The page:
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"Lipstick on a
Pig" Used by McCain Regarding Hillary

"Lipstick on a
Pig" Used by McCain Regarding Hillary

Mccain_lipstickx240

The McCain campaign is lashing out at Democratic presidential hopeful Barack Obama for likening "change" on a McCain-Palin ticket to putting "lipstick on a pig," saying the line is an attack on vice presidential nominee Sarah Palin and demanding an apology. According to CNN, however, this isn't the first time that phrase has been used during this campaign season, and the first person to use it was John McCain.

Pig" Used by McCain Regarding Hillary " >

The McCain campaign is lashing out at Democratic presidential hopeful Barack Obama for likening "change" on a McCain-Palin ticket to putting "lipstick on a pig," saying the line is an attack on vice presidential nominee Sarah Palin and demanding an apology. According to CNN, however, this isn't the first time that phrase has been used during this campaign season, and the first person to use it was John McCain.

Obama used the line in a speech addressing a crowd of followers in Virginia Tuesday evening. The speech, according to Obama staffers, was intended to respond to McCain's recent claims that he is the real candidate for change.

"John McCain says he's about change too, and so I guess his whole angle is, 'Watch out, George Bush -- except for economic policy, health care policy, tax policy, education policy, foreign policy, and Karl Rove-style politics -- we're really going to shake things up in Washington.'

"That's not change. That's just calling something the same thing something different. You know you can put lipstick on a pig, but it's still a pig. You know you can wrap an old fish in a piece of paper called change, it's still going to stink after eight years. We've had enough of the same old thing."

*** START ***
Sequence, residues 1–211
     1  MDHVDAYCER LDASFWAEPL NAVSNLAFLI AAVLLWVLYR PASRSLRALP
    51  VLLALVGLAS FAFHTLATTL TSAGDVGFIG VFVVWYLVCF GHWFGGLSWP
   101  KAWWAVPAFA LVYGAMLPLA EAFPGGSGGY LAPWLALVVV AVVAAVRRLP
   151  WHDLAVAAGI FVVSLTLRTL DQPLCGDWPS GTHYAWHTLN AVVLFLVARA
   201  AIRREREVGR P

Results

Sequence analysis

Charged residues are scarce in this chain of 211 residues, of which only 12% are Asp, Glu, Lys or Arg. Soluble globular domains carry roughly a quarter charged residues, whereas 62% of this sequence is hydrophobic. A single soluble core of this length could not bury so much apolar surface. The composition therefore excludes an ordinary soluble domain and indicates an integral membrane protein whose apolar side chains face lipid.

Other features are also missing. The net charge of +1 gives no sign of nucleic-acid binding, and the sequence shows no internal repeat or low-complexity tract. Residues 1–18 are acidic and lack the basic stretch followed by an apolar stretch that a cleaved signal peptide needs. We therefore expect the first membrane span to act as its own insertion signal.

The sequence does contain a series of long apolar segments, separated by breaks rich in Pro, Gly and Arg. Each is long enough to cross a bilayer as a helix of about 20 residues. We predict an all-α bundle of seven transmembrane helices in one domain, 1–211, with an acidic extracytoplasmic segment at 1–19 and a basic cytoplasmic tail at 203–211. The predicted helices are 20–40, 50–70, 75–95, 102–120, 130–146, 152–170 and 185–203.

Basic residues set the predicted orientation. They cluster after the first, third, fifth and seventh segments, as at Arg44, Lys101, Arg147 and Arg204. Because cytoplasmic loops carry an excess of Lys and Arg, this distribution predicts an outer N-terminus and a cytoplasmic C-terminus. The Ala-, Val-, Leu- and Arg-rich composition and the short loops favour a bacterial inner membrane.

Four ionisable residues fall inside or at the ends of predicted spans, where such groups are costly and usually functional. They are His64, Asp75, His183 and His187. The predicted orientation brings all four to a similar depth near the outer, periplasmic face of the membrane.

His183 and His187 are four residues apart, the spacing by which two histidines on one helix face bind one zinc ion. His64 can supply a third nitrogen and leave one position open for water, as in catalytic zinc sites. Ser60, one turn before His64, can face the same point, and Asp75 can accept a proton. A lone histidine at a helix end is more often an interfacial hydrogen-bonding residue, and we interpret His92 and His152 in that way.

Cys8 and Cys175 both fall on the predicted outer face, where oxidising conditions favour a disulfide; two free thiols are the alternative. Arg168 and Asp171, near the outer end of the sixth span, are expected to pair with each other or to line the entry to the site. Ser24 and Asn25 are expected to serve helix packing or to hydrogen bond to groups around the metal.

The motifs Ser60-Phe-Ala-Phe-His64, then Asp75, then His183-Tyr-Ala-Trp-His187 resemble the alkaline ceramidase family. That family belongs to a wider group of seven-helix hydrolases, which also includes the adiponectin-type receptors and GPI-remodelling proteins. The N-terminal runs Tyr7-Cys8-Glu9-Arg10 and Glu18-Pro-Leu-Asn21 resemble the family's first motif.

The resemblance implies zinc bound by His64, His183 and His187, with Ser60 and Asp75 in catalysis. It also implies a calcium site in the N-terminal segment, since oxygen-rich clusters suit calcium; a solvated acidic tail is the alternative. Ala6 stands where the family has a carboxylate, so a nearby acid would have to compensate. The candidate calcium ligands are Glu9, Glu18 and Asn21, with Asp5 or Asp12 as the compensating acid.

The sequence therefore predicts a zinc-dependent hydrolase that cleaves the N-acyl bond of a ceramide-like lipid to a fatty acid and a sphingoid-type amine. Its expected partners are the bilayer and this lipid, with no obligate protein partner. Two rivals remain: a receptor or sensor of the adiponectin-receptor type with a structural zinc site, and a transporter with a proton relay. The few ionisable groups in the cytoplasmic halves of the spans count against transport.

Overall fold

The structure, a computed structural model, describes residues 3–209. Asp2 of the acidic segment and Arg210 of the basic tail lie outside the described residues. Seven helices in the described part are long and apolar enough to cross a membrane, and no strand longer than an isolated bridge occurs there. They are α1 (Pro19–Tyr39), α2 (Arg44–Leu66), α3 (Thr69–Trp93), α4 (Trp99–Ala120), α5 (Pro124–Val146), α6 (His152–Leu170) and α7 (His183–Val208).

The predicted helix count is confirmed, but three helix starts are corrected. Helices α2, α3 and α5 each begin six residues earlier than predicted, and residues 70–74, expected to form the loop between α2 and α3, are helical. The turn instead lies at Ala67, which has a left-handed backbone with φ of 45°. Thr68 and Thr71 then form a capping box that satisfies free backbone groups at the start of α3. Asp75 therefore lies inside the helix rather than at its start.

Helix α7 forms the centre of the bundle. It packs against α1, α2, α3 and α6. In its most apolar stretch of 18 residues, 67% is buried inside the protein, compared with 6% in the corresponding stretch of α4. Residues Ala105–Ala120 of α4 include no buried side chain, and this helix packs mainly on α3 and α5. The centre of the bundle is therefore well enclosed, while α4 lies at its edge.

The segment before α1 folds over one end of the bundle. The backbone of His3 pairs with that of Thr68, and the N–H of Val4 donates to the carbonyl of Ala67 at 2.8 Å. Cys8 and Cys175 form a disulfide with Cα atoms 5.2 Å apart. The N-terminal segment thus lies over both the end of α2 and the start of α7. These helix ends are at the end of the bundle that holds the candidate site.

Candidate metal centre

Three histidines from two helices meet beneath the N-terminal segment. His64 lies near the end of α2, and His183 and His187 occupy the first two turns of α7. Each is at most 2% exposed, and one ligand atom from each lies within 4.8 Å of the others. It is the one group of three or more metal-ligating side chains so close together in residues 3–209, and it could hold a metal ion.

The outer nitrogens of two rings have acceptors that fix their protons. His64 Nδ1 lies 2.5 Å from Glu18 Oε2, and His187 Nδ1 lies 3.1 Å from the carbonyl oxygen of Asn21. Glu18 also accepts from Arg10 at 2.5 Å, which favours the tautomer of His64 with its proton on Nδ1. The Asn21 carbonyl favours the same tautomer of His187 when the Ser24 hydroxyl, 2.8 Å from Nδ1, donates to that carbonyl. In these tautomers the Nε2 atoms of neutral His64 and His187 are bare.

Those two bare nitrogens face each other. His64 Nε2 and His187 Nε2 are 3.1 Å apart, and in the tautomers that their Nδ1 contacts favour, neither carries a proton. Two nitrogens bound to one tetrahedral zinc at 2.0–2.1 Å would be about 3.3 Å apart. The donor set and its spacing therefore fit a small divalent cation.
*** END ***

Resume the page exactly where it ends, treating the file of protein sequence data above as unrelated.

The McCain camp said the line was a direct attack on Palin, who famously told the crowd at the Republican National Convention in St. Paul, Minn.: "You know the difference between a hockey mom and a pit bull? Lipstick."

Obama's senior adviser Anita Dunn immediately responded to McCain's demands for an apology, saying this was "a pathetic attempt to play the gender card about the use of a common analogy -- the same analogy that Senator McCain himself used about Sen. Hillary Rodham Clinton's health care plan just last year."

Then reporters at CNN did some digging, tracing the use of the phrase throughout this campaign season back to John McCain last October. According to CNN, McCain used the phrase at a campaign stop while referring to Hillary Clinton's 1993 failed health care plan.

"I think they put some lipstick on the pig, but it's still a pig," McCain said.

He did it again, CNN reports, in May, while essentially accepting the Republican presidential nomination.

In fact, a former McCain staffer even named a book after the popular political catchphrase. Torie Clarke, who earlier this year advised the McCain campaign, penned the recently released Lipstick on a Pig: Winning in the No-Spin Era by Someone Who Knows the Game.

It seems Obama has an unlikely ally in this back-and-forth. McCain supporter Mike Huckabee, who himself made a go at the Republican nomination earlier this year, took Obama's side while appearing on conservative talk show Hannity & Colmes.

"It's an old expression, and I'm going to have to cut Obama some slack on that one," he said on the show. "I do not think he was referring to Sarah Palin; he didn't reference her. If you take the two sound bites together, it may sound like it. But I've been a guy at the podium many times, and you say something that's maybe a part of an old joke and then somebody ties it in. So I'm going to have to cut him slack." (Ross von Metzke, The Advocate)

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"Lipstick on a
Pig" Used by McCain Regarding Hillary

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